Job one in gardening and landscaping is loosening and enriching clay and compacted soil by mixing in organic materials like compost. For experienced gardeners, good compost is worth its weight in gold. There’s nothing healthier for your plants than rich black compost, but any kind of organic material mixed with soil is beneficial. Most gardeners buy compost in bags or bulk. Bagged compost and soils are in high demand, evidence that many gardeners aren’t making their own.
Compost is simply well-rotted organic material. Dead plants, leaves, wood, grass clippings, even kitchen waste can become compost if it’s simply mixed with air and allowed to rot. These materials are available in abundance all around you. A shocking amount of compost ingredients are burned, discarded, or buried in landfills. You can easily convert them into rich garden soil by adding oxygen. The only other thing you really need to make terrific compost is time.
You already know how good compost is for your garden, but how can you have an unlimited free supply of it without a lot of hard work? We’ve seen all kinds of expensive gadgets for making compost, from rolling “drums” to plastic boxes, to tubs you bury underground. Even if they actually work, these toys will never generate enough compost for serious landscaping. The thing they do best is separate you from your hard-earned money.
It’s possible to complicate the subject of compost so much that you’d need a biology degree to make sense of it. Whole books have been written about it, and fancy research on the topic is readily available. I don’t pretend to be a compost expert; much of what I know about compost I learned by watching my grandmother.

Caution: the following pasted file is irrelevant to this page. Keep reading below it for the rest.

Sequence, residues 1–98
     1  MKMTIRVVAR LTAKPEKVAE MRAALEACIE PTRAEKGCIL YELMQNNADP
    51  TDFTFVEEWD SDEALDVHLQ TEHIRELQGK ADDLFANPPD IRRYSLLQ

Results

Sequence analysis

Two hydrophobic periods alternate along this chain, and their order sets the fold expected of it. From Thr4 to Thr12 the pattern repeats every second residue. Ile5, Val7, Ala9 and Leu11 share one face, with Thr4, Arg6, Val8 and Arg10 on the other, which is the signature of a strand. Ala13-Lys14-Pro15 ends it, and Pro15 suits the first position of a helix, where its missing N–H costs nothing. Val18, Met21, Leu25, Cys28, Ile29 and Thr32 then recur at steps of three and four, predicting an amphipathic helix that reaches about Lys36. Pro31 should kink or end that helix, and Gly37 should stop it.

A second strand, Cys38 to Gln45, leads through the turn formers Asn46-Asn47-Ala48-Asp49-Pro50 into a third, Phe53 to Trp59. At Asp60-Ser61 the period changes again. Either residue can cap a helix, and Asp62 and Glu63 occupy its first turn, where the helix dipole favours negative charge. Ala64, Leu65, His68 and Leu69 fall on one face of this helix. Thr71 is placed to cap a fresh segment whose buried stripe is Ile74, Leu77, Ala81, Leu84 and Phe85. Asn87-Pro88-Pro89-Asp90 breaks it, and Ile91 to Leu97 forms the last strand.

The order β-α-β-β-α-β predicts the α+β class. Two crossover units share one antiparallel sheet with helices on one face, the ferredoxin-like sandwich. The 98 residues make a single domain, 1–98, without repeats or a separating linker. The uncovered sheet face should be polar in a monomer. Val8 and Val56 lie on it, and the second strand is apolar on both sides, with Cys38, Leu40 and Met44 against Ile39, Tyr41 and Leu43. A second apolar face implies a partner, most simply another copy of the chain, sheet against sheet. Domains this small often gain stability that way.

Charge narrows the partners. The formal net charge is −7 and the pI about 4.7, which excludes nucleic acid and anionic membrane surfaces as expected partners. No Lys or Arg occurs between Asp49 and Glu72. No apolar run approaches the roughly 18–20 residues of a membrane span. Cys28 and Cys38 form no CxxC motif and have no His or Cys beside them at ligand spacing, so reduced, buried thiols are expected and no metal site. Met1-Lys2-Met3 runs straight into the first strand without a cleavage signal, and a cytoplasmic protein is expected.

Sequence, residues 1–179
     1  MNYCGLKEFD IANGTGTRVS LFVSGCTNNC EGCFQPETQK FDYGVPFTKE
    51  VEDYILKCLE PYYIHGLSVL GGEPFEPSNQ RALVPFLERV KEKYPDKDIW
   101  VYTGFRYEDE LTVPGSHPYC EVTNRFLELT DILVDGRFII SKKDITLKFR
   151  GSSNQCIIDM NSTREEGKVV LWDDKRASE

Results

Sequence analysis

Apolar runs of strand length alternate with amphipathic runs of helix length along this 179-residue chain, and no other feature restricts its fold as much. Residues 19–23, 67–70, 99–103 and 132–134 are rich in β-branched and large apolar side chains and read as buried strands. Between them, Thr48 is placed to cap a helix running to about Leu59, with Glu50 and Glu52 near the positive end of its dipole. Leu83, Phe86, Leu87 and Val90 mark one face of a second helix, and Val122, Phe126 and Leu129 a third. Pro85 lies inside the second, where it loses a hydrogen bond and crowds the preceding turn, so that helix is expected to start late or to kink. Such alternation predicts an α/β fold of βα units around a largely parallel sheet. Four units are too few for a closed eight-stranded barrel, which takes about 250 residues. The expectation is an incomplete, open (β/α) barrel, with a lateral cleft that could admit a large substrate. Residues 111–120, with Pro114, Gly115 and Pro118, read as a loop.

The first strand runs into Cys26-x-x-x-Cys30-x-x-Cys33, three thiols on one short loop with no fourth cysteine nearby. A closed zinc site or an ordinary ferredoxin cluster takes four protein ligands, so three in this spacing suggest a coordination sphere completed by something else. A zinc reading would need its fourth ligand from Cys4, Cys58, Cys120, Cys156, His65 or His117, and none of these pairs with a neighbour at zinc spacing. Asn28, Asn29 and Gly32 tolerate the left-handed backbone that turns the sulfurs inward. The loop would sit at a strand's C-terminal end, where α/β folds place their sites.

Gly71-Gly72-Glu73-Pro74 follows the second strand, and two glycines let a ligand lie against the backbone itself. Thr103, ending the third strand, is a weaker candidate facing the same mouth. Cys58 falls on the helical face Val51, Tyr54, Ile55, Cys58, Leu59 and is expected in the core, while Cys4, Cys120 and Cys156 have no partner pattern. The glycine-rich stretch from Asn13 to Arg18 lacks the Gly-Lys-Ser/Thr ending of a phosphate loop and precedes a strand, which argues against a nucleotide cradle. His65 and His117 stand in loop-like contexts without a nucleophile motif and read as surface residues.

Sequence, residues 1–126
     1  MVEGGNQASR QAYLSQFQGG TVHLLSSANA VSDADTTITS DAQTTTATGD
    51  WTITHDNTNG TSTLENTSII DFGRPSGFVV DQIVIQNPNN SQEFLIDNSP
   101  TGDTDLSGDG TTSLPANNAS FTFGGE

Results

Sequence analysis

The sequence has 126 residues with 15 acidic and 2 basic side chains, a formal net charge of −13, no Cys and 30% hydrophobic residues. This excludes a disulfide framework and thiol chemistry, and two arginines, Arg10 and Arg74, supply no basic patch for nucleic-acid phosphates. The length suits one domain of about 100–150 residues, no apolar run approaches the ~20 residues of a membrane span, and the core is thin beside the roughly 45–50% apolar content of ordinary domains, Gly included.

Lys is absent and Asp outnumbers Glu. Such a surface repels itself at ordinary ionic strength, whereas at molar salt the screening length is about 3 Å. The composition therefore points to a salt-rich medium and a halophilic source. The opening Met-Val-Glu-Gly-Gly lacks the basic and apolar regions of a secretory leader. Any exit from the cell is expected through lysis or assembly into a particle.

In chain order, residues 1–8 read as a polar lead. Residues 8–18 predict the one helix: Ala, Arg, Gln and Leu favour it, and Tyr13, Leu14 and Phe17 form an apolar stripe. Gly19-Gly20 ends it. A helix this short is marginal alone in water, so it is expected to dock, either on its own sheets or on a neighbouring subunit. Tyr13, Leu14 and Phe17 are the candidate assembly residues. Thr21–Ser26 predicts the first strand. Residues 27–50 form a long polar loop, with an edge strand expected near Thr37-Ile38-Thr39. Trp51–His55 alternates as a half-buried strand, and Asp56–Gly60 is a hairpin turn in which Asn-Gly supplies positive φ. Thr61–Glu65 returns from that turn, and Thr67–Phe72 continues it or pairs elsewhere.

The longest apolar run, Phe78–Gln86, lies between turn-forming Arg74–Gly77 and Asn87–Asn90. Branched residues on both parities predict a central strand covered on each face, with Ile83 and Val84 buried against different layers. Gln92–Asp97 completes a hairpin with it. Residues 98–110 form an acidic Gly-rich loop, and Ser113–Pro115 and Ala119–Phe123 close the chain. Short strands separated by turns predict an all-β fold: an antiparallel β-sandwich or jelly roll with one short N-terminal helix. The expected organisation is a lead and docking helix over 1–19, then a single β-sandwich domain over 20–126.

My grandmother didn’t have any more time than you do, so she made compost with the least effort possible. Next to her vegetable garden she made a three-sided box with old cinder blocks (railroad ties work great, too). Anytime she had any kind of clippings, autumn leaves, cuttings, peelings, garbage, dead plants, used potting soil or other yard waste she just added it to the pile inside the box. Sometimes the box would be completely full, but over time it would settle and she would add more.
Every spring she spread the compost on her garden and tilled it in. She mulched her vegetables with compost, to keep down the weeds. Any time she planted anything in the yard she’d raid the pile, mixing the compost in as she planted. Not scientific, but I can testify that she had the most gorgeous black fluffy garden soil I’ve ever seen, and she grew terrific vegetables.
When Marjorie and I bought our first house and we wanted to landscape, there was no compost, only gooey clay soil. I built a compost bin like my grandmother’s but with some low-tech enhancements. I set it into a bank so I could dump my wheelbarrow into it from the uphill side, and I built a second box right next to it. I forked the pile from one box to the other a few times, turning it over, to speed up the process. Mixing compost with air really speeds up composting. My favorite ingredient was autumn leaves mixed with grass clippings. I bagged the leaves and clippings together when I mowed the lawn; the nitrogen-rich clippings helped break down the chopped-up leaves quickly.
After a few years we had all the compost we needed, so I stopped turning the piles. I just switched each year from one box to the other, so I wasn’t adding fresh stuff on top of the old pile. Once the older compost was used up, I would switch sides.
Compost experts will find many faults with my method. The most important is that, without carefully managing the temperature of the pile, we didn’t sterilize all the compost evenly. It would be possible for weed seeds, insect eggs and possibly plant diseases to survive and get spread around. In theory, bagged compost you buy is sterile, and if that’s what you want my method isn’t for you. I think the perfect can be the enemy of the merely good; plentiful free compost beats skimpy expensive compost you have to haul home in bags.
The important thing is to start right away, and to never again throw away (or worse yet, burn) any kind of yard waste. With luck, your neatnik friends will bring all their yard waste to you and help you build your pile. You can pay them back with one-pound tomatoes from your garden…
Steve Boehme is a landscape designer/installer specializing in landscape “makeovers”. “Let’s Grow” is published weekly; column archives are online at www.goodseedfarm.com. For more information call GoodSeed Farm Landscapes at (937) 587-7021.
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